Similarly, states have adopted a variety of exclusionary rules. Few states have unambiguously rejected any kind of state-law-based exclusionary rule. (15) Far more have recognized rules with various levels of protection ranging from those that are coextensive with the federal rule to those that require exclusion even when a federal exception would otherwise apply. For instance, as of 2007, the highest courts of fourteen states had rejected the so-called "good faith" exception, which prohibits the exclusion of evidence obtained in violation of the Fourth Amendment if the police act in good-faith reliance on a search warrant that later proves to be defective. (16) In sum, there is tremendous variation between the states, not only in terms of the substantive search-and-seizure rights provided but also the exclusionary rules that remedy violations of those rights. (17)

This checkered landscape produces an inevitable question: what law applies when a search occurs in one state but the defendant is prosecuted in another? Consider a stylized version of the facts in People v. Orlosky. (18) A crime is committed in State A. Before an arrest is made, the defendant moves to State B. In the course of investigating an entirely different crime, State B officers perform a search and uncover evidence of the State A crime. The evidence is admissible under State A's constitution, but inadmissible under State B's constitution. Should the evidence be admitted in a proceeding in State A because forum law applies, or excluded because the law of the situs of the search applies? What if State A officers perform a search in State B for a case tried in State A? (19) Or State A and State B officers cooperate to perform a single search in State B for a case tried in State A? (20) When multiple jurisdictions are involved, courts must perform some conflict-of-laws analysis to determine which law governs the officers who perform any relevant searches. (21)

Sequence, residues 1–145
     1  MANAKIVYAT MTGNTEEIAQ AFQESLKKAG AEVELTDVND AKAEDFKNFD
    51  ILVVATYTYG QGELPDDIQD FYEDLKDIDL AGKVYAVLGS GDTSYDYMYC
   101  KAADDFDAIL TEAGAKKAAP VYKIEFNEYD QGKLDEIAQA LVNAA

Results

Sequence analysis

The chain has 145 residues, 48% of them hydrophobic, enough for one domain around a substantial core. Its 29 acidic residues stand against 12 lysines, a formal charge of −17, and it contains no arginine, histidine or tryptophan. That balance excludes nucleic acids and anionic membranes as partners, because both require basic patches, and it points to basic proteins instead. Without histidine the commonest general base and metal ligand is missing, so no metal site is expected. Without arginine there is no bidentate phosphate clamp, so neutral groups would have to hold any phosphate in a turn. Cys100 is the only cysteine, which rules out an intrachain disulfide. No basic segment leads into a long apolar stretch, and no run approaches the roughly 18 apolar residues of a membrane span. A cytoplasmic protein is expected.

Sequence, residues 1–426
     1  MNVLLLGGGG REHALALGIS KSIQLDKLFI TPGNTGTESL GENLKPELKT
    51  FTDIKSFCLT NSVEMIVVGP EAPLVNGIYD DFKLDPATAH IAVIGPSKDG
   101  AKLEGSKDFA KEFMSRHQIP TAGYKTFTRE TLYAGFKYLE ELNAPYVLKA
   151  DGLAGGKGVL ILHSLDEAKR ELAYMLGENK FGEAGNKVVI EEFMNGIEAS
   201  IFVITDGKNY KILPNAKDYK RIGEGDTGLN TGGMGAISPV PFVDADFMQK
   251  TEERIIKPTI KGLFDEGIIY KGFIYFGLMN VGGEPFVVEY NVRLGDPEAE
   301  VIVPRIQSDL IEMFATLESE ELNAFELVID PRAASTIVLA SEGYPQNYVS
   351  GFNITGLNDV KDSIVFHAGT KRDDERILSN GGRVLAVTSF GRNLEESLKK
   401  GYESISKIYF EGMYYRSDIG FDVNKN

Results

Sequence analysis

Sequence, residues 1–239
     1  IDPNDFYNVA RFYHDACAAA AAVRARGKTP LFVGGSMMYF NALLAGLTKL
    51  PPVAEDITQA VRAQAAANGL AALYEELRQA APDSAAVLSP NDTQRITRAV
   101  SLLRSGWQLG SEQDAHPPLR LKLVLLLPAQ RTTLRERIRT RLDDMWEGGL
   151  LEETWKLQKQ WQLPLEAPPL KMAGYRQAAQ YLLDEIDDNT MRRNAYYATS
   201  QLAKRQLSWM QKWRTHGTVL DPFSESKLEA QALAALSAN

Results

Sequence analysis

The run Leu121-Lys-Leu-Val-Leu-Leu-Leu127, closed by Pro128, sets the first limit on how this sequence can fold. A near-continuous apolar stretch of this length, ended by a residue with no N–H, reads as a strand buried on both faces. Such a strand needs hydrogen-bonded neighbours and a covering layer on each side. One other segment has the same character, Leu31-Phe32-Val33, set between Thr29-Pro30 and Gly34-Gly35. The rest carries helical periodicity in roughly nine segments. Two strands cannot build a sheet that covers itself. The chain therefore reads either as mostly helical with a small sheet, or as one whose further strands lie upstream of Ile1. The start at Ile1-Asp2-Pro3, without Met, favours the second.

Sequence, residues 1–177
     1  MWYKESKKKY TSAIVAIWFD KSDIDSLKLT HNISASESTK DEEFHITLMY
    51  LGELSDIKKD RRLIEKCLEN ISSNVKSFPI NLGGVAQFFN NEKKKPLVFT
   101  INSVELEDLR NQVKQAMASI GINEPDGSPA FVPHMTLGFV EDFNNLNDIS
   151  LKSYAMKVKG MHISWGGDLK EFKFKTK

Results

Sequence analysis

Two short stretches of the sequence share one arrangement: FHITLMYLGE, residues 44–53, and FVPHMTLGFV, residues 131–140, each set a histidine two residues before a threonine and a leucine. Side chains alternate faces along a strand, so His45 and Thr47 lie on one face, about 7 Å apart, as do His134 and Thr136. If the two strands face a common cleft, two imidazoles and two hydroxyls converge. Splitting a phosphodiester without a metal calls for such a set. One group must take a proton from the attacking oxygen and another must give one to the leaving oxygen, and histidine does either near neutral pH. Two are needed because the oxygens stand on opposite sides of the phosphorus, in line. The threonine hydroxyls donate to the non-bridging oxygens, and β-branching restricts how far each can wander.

Complicating matters further is the advent of new technologies, which will only make multistate cases more prevalent. State lines are more porous and less practically important than ever before. Not only do people and their possessions regularly cross state lines physically, (22) but, with the click of a mouse, one can almost instantaneously send and store information across state lines with no physical movement at all. Consider State v. Evers. (23) A California officer investigating online child pornography obtained a search warrant from a California court that required America Online (AOL)--headquartered in Virginia--to turn over the names and billing addresses of various users, including the defendant. The California officer learned that the defendant resided in New Jersey and forwarded the results of his investigation to New Jersey police, who promptly obtained a search warrant for the defendant's residence and arrested him. (24) Among other evidentiary questions raised was whether the New Jersey Constitution protected the account information obtained by the California officer pursuant to a California warrant. (25) The facts were different, but the question remained the same: what law applies when a crime and a related search involve multiple jurisdictions ?